This post is not meant to be a typical “here’s how you work from home” post. This is not a post about routines, habits, equipment, or if you should shower before noon. No, this post is meant to offer my perspective about work, productivity, and outcomes. As always, you’re welcome.
First thing I want to make clear—this is not normal
. Nothing about social distancing, stay-at-home orders, or self-quarantine is normal. We’re not just working from home. We’re all living at work as well. And we’re doing it in a manner designed to keep us isolated. No one saw this pivot in our work-life balance coming.
For over ten years, I’ve worked from home. Now, when I say I’ve worked from home for over ten years, what I mean to say is I’ve been working remotely. I’ve spent a lot of time on the road. I’m not just a remote worker, but often a remote parent, son, and brother. That’s a large set of expectations to manage.
That’s the challenge we all face now. Isolated from friends and family, with your home now invaded by work and video conference calls. Now is the time for you to understand and manage the expectations being set onto you by others.
Over time I came to see the best way to manage expectations is by focusing on the outcomes desired. Good managers and executives will task their people to deliver an outcome, and let the worker figure out how to get the job done. I’ve been lucky to have such an environment to thrive in for these many years.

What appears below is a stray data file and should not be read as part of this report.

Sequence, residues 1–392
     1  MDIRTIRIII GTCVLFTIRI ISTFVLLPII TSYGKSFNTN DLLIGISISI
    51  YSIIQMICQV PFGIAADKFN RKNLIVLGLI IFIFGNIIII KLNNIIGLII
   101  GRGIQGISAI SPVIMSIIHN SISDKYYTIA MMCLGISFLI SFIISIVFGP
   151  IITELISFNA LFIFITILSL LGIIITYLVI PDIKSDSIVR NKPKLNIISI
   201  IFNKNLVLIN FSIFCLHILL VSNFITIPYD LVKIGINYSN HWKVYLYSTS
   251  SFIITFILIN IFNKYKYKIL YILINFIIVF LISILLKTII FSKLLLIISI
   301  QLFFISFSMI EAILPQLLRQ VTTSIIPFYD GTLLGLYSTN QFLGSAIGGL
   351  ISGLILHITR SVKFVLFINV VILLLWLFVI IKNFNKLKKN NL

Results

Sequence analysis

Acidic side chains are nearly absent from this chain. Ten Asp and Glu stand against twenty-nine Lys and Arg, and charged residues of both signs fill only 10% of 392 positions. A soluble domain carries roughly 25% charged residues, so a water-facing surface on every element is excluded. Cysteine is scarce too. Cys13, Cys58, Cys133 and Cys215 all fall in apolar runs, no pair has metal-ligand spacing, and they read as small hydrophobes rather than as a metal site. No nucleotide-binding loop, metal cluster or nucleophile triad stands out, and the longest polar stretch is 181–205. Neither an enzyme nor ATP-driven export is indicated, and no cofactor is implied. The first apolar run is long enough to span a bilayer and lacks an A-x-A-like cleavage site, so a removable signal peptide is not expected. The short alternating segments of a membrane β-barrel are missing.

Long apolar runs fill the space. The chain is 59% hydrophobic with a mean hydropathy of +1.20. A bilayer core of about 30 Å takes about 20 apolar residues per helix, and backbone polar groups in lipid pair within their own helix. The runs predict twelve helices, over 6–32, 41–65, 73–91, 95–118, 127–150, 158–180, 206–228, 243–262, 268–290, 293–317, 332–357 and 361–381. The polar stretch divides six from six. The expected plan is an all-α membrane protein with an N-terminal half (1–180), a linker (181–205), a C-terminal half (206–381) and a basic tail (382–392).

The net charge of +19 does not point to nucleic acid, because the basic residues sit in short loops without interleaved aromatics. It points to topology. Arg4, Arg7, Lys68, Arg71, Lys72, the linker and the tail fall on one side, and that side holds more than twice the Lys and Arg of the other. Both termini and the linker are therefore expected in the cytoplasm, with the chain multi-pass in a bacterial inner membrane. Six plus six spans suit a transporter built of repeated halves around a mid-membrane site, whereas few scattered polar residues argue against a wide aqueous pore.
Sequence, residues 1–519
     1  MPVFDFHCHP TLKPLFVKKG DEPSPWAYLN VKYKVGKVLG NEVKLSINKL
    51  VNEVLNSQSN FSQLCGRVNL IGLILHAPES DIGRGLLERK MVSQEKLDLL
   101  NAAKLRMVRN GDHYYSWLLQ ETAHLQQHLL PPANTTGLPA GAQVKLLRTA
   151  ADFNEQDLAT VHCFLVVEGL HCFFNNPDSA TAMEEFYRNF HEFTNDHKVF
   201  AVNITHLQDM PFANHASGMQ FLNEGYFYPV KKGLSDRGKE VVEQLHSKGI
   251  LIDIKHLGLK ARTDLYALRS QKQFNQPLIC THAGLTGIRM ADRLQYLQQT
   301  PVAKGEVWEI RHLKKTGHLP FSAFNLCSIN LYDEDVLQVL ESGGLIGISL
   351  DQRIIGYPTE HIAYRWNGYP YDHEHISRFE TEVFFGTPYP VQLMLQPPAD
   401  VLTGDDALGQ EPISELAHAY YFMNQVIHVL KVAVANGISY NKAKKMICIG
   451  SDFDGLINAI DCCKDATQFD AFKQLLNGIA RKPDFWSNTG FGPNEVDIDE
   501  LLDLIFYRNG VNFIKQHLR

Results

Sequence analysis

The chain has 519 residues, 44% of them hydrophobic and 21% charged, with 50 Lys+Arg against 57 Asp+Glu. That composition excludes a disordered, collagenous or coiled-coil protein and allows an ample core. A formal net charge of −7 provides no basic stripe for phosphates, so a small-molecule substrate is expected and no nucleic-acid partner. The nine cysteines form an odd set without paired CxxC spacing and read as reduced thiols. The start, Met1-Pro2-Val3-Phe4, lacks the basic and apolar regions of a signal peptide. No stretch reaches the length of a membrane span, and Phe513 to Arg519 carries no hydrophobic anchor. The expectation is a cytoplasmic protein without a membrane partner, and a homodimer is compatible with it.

I used to live in the world where the focus was on “productivity,” whatever that means. To me, productivity is often just a feeling. Productivity is why an executive like Marissa Mayer once banned working from home
. Just because someone shows up in an office doesn’t mean they’re productive. If executive management needs to see people in the office, it’s less about being productive and more about control.
This is why it’s important right now for you to start thinking about outcomes. Because you’re not
going to feel productive for the next few weeks, or months. You’ll be distracted by things such as children, laundry, dirty dishes, and the smell coming from your shirt because it’s past noon and you haven’t showered yet.
Working remotely means you must focus on the outcomes put in place by your manager and team. I track my outcomes using pen and paper, creating a to-do list and crossing off items as they are complete. On Friday afternoon I reset the list, getting things ready for Monday morning. This habit has served me well, going back many years to graduate school.
Here’s the secret sauce to all of this. Each day you ask yourself “If I only get one thing on my list done today, which one would it be?” And then you get it done. That way, at the end of the day, you have a sense of accomplishment, of moving forward and progressing.
Because moving forward is the outcome we all want right now.